Artist Residency in Japan
September 8 - December 8, 1999

Jane was selected as one of six international

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artists for a three-month artist residency program in Japan, Paper Art Village Project in Mino City '99.  Jane left New York on Thurs., Sept. 9 and returned to the U.S. on Dec. 8, 1999.  The residency program was in Mino City, Gifu prefecture, in the Central Highlands area of Honshu, the main island of Japan.  Jane and the other artists in the program were invited by the city of Mino to participate in the 1999 Paper Art Village Project, a five-year program funded in part by the Japan Cultural Council and now in its third year.  The artists participating in the "Paper Art Village Project 1999" were:

Lucy Yegros, Paraguay

Mejra Mujicic, Croatia

Jane Ingram Allen, U.S.A.

Yumiko Yamazaki, Japan

Pino Barilla, Italy

Louise Giamari, France

Yoshihisa Hasegawa, Japan 

Artists for the Paper Art Village Project each year are selected by a committee of art professionals after reviewing applications and slides.  The residency award provides travel expenses, accommodations in Japan, studio space and materials to make artwork with Japanese handmade paper.  The artists in the program represent all media, and all use paper in some way in their work. Jane is the only artist in the group who has experience making paper. 

During the residency, artists create works using Japanese handmade paper. They have been learning papermaking from masters at the the Mino Washi Museum.  The Museum has an excellent facility with good equipment for teaching and production of handmade paper. The kozo fiber used in Mino paper is very unique and different from Western papermaking fibers, and it is possible to make thin sheets and have them remain very strong.

During her residency Jane made a large installation work called "Turning Over a New Leaf".  It is made of Japanese handmade paper, acrylic paints, horse hair string, and mesh fabric.  This picture is of her studio at the Paper Village.  She making the work on the table with over 2000 handmade paper leaves, red on one side and green on the other.  This work will be shipped to Jane in New York after the exhibition at the Mino Washi Museum and shown in New York City at Snug Harbor Cultural Center as part of the "Elements 2000" exhibition.  Click here for more information about this exhibition.

Jane also made a public art installation during her residency, continuing her "Bird Watching" series of outdoor installation of multiple bird forms.  Jane's  work  "Bird Watching in Japan" contains 28 bird sculptures arranged as a site-specific installation on the Mino Bridge, the oldest suspension bridge in Japan.  The bridge is sort of like a miniature Brooklyn Bridge and is used only for pedestrian and bicycle traffic now.  The birds are made of Japanese kozo fiber paper over a wire armature, painted with acrylic paints and coated with polyurethane for outdoor use.  The installation will remain on view in Japan.   

Another work Jane made during her residency used some very thin, transparent Mino paper to create an installation called "Different Views,"  composed of multiple suspended maps showing the world from different viewpoints.  The work was inspired by the map on the wall in the bedroom where Jane slept.  Instead of the world Jane was used to seeing-with America in the center- it was a map of the world with Japan in the center, very large, and the U.S. very small and almost off the page on the right.   Jane's map installation was also influenced by books that Jane has showing satellite maps of the earth and views of earth taken by astronauts in orbit around the earth.  The map pieces are made with very thin kozo fiber paper which has bits of horsehair and horsehair thread in it.  The map images are drawn/painted  with acrylic paint  and look very interesting with light coming through the thin paper showing the contrasting transparent and opaque areas.  The map installation "Different Views" will become part of the Mino City permanent collection and remain in Japan.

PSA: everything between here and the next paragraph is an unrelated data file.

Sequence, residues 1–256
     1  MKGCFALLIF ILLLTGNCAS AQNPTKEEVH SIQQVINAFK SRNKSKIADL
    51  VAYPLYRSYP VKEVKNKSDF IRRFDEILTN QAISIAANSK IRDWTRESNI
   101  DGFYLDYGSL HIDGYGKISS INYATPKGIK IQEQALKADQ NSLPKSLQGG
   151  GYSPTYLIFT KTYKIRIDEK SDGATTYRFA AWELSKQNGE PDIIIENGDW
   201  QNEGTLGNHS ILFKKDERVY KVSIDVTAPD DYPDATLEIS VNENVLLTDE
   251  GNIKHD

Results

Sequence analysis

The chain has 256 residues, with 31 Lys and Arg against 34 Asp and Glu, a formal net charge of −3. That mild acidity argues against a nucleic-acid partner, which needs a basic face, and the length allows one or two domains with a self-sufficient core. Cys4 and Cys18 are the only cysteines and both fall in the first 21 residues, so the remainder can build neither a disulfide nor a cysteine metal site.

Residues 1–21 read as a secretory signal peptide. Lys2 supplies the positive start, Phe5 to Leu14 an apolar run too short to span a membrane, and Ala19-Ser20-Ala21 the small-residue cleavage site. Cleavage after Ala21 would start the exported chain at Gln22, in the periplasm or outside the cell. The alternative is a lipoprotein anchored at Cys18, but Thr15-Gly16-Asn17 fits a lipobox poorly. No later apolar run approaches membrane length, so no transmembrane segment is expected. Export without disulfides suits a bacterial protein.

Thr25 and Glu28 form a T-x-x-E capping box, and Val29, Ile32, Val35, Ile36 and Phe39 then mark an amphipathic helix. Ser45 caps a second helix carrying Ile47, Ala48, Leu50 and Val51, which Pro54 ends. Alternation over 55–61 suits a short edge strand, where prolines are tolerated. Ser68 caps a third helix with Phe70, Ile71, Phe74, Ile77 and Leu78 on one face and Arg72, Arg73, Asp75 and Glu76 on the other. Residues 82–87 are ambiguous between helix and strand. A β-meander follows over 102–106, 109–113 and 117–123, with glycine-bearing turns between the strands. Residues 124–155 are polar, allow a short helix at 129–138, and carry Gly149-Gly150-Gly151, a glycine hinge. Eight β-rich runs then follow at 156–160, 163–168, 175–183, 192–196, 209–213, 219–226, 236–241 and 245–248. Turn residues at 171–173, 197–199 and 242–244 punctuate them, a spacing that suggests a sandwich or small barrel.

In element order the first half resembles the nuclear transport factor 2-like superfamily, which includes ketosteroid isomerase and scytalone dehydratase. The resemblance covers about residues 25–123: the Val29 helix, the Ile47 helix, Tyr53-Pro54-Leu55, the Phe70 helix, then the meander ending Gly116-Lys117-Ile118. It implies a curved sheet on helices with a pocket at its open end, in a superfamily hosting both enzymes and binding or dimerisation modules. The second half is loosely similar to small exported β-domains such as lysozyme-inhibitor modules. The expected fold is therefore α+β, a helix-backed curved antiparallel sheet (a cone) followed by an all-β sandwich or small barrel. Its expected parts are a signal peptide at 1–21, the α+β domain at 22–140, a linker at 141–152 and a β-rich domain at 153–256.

One of the goals of the Mino City  Paper Art Village Project is to develop relationships between foreign and domestic artists and the people of Mino. Mino City is one of the main centers of traditional papermaking in Japan and has abundant kozo fiber.  The artists all learn about Japanese papermaking and  make works with Japanese paper during their residency.  The artists all exhibit work made during the residency at the Mino Washi Museum at the end of the residency and also donate at least one work to the permanent collection of Mino City. 

Mino City, is a very traditional community with approximately 60,000 people. It is located 45 km from Nagoya, the third largest city in Japan.  Mino is in the area where traditional Japanese handmade paper is still being made my master craftsmen.  Mino is in a scenic mountainous area with the Nagara River famous for using cormorant birds for fishing.  Mino is also known for its excellent examples of traditional Udatsu architecture as well as Mino Paper, recognized by the Japanese government as an Important Intangible Cultural Heritage.  

During her three month’s stay in Japan, Jane lived with a local family, Yasoe and Yasumi Murai and their two daughters Akiko and Takayo.  Jane also learned many Japanese customs and even some of the language.  In this photo, Jane is walking the family dog along one of the beautiful rivers near her home.  

Jane learned to like Japanese food and tried many new and interesting things such as eel and octopus and many other things she never knew what they were!  The diet in Japan is very different with lots of vegetables and tofu and fish, even fish for breakfast. Jane got very good with chop sticks, 'hashi", even picking up tofu.   The artists went to many parties in people's homes, and all had much fun with delicious food and lots of sake and Japanese beer.  Here is a photo showing the party at the home of Mr. Watanabe, an artist himself who was a great technical advisor for all of the artists in the Project...he also did the design and installation of our exhibition at the Mino Washi Museum.  

Language was the biggest challenge in Japan for Jane and the other artists. There were several volunteer translators who spoke some English and were very helpful in communication.  Few people in Mino speak English, let alone the Italian and French.  The artist from Italy spoke only Italian, and the artists from Paraguay and Croatia could speak some Italian.  The artist from France only spoke French, and Jane can speak some French.  When the artists were having their lessons from the Japanese papermaking masters who spoke only Japanese, it was a bit difficult to communicate to everyone. There were a lot of hand signals.